Learning from past planning experiences...
With mega-events being relatively short events, their legacies are intended to be the return on investment. By investigating previous mega-event host cities and their legacies – Barcelona(1992), Athens(2004), London(2012) and Doha (2006), we devised a spatial framework for assisting the success of legacy planning. Parameters included:
Local and Global Spatial Accessibility – or how well are venues connected through the movement network to other parts of the city, near and far.
Multi-modal Accessibility – or how well the venues are connected by street & public transport, including the access to different means of public transport in different directions.
Spatial Embeddedness – the relationship between the venue and its surroundings.
Severance – Physical barriers to free pedestrian movement, including motorways, water bodies, railway lines & fences.
... to plan for successful legacies for Doha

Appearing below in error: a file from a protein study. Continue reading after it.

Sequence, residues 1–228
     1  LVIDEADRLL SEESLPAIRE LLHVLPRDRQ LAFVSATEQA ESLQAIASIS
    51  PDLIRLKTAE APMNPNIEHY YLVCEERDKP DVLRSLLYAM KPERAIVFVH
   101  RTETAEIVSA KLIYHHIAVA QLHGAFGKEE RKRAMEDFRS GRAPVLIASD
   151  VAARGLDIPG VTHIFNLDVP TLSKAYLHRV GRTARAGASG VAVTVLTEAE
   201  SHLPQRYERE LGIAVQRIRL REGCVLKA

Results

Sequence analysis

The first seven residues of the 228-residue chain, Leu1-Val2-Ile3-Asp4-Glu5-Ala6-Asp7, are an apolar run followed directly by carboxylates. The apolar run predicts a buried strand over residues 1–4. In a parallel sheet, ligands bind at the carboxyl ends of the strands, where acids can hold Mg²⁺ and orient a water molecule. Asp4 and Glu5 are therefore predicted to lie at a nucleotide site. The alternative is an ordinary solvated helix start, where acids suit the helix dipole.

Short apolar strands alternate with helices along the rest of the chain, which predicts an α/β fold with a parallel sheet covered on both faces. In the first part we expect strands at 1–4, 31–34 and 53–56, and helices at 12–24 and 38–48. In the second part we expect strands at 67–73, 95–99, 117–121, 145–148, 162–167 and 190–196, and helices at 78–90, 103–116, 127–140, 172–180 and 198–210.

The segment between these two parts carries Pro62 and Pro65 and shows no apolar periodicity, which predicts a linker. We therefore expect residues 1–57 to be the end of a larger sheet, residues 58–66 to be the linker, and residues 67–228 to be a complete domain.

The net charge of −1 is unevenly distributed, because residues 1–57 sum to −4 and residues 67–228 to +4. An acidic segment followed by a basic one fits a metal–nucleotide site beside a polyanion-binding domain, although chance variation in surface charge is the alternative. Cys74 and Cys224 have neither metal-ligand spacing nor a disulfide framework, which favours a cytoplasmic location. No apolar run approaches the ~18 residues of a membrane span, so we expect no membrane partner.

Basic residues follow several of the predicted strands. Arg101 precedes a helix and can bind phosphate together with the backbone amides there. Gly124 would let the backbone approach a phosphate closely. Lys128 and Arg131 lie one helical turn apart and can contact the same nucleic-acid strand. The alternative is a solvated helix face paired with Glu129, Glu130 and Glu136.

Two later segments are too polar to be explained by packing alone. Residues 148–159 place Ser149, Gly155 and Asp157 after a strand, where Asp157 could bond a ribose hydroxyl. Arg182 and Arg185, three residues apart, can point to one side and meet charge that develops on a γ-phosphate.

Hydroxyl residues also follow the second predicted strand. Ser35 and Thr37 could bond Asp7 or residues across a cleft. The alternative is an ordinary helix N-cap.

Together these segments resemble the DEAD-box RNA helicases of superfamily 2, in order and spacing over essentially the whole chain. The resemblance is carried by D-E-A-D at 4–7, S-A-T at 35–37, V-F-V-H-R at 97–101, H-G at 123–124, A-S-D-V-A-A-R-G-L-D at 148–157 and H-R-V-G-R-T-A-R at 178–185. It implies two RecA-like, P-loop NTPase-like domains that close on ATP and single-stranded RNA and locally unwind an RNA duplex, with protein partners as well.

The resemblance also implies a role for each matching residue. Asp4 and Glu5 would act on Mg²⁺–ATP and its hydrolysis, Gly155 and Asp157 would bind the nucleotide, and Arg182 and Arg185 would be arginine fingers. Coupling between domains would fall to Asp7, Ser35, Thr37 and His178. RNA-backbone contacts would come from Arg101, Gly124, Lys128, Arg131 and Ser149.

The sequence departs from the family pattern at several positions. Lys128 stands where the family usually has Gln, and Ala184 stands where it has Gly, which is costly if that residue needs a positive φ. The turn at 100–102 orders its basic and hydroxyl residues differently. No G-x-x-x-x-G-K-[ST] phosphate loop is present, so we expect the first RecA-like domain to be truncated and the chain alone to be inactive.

These spatial attributes are then tested in the case of the venues for the FIFA World Cup 2022 to identify the potential legacy outcomes. Stadiums located in already well-functioning parts of the city are expected to have more successful legacies. Since they are well-embedded into the fabric of the city, they are able to capitalise on the existing movement through the street network. On the other hand, venues situated at the edge of the city are not as well-connected putting them at a spatial disadvantage with less opportunities for a sustainable socio-economic mix.
Legacies of venues also need to respond to the affordances of the spatial network. Venues with high local accessibility but low global accessibility, have the potential to resurrect as local centers after the event.